- Non-specific protein source
If a meal lists a non-specific protein source such as ‘meat’, ‘meat by-products’, ‘meat and animal derivatives’, don’t buy it. Pet food labels can state that a meal contains ‘meat’ or ‘animal’, but if the label doesn’t specify the actual species of animal, be very cautious, as it could contain any type of meat or parts of an animal that have very poor nutritional value – such as feathers.
- 'Corn gluten' or 'Wheat gluten'
These are examples of cheap waste products from the human food industry that add to the protein content of the product but provides an inferior source to animal protein. This allows manufacturers to make the protein content seem higher and is often used in poor quality foods.
- 'Flour', 'Grits', 'Germ', 'Bran', 'Middlings' or 'Hulls'
These ingredients may sound healthy but they contain grain fragments or poor quality flours and although they may have the same calories as their whole grain counterpart they provide far less nutritional value. A proportion of grain within a dog’s diet provides a good source of fibre and vitamins but our advice would always be to look for ‘wholegrain’ products, such as brown rice or chickpea flour.
If the type of cereal isn’t specified it is impossible to know what grain source is used. This is particularly important if a dog is prone to dietary intolerance. Identifying and eliminating problem ingredients is impossible unless you know exactly what you are feeding your dog.
- ‘Animal Fat’ or ‘Rendered Fat’
If the origin of the contributing animal is not known this may impact quality or contamination. Many toxins are stored in animal fat so this type of non-specified fat could be laden with potentially harmful toxins.
- ‘Animal digest’
This is cooked-down broth made from unspecified parts of unspecified animals which is often sprayed on low quality foods to provide a ‘meat flavour’ and encourage the dog to eat it. ‘Animal digest’ is best avoided.
- ‘Sugar’, ‘Caramel’, ‘Syrup’, ‘Sucrose’ etc
Sugar carries no nutritional value to a dog’s diet. Continuous intake can promote obesity, nervousness, hyperactivity, cataracts, tooth decay, hypoglycemia, arthritis and allergies. Your dog can also become addicted to foods that contain sugars in much the same way humans do, which can make it very challenging to switch food.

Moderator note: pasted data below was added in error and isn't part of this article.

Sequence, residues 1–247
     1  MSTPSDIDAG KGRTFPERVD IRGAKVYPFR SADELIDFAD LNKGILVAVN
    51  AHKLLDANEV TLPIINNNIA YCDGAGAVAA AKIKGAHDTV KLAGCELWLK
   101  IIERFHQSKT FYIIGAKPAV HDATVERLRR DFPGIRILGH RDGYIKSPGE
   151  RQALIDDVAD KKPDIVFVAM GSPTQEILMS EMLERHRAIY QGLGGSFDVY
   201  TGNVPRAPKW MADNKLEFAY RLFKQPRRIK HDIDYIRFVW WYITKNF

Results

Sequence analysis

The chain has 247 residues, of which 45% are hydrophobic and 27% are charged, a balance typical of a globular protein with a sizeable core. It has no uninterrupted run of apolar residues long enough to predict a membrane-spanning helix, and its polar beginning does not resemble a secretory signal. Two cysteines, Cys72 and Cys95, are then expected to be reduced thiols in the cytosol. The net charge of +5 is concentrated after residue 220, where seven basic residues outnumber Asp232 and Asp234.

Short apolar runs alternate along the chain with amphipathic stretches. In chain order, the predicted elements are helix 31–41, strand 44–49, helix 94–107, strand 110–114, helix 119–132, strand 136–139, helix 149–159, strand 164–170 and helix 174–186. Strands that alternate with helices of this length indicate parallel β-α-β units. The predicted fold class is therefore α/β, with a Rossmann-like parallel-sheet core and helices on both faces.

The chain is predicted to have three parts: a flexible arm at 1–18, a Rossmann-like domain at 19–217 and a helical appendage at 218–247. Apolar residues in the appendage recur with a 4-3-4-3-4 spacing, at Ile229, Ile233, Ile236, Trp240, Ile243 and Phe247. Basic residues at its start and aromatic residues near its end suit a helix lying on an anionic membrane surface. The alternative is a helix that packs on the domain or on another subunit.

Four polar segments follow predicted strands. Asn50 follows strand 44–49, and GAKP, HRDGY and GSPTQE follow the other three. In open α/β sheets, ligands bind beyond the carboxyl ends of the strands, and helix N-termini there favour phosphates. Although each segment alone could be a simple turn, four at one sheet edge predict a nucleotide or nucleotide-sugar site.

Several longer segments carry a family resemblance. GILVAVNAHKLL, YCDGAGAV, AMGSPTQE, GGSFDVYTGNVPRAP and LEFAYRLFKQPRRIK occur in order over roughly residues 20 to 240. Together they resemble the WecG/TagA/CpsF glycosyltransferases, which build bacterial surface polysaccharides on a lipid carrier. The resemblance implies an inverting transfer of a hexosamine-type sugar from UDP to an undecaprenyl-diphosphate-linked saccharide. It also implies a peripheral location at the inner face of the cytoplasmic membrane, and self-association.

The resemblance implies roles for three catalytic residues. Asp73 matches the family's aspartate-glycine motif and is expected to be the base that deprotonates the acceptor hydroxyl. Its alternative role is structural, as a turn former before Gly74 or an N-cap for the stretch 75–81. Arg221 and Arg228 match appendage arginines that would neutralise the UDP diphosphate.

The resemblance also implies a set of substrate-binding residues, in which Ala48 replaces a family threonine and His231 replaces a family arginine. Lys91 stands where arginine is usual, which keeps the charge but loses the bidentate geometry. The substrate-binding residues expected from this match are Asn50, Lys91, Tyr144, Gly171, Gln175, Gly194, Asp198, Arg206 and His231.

- Colouring – ‘Sunset yellow, E110’, ‘ Tartrazine, E102’, ‘ Patent Blue, E131’
Dogs don’t care what their food looks like, only what it tastes like. Colourings have no nutritional value and are often derived from petroleum products. Food dyes have been banned in human foods because of links to behavioural issues including attention deficit disorder and hyperactivity in children as well as other health problems. These effects are unlikely to differ for our dogs. The UK Food Standards Agency recommends UK manufacturers of human foods remove these additives from foods. If human food does contain any, the label must carry a warning.
- ‘EC additives’, ‘Preservatives’, BHA(E320)’ and ‘BHT (E321)’
These artificial preservatives and antioxidants are used to preserve fats in pet foods. In humans, debate already surrounds the link between these ingredients and an increased risk of cancer, asthma, and behavioural issues in children. Because of the uncertainty over their side effects, these ingredients are best avoided.
- ‘Table Salt’ or ‘Sodium Chloride’
Although salt is a necessary mineral it is generally found in sufficient quantities in dog food without adding it directly. Like humans, dogs enjoy the taste of salt, so extra is often added to dog food as a flavour enhancer. High levels of table salt can have the same health implications for dogs as it does for us; including high blood pressure, stroke, and cardiovascular disease.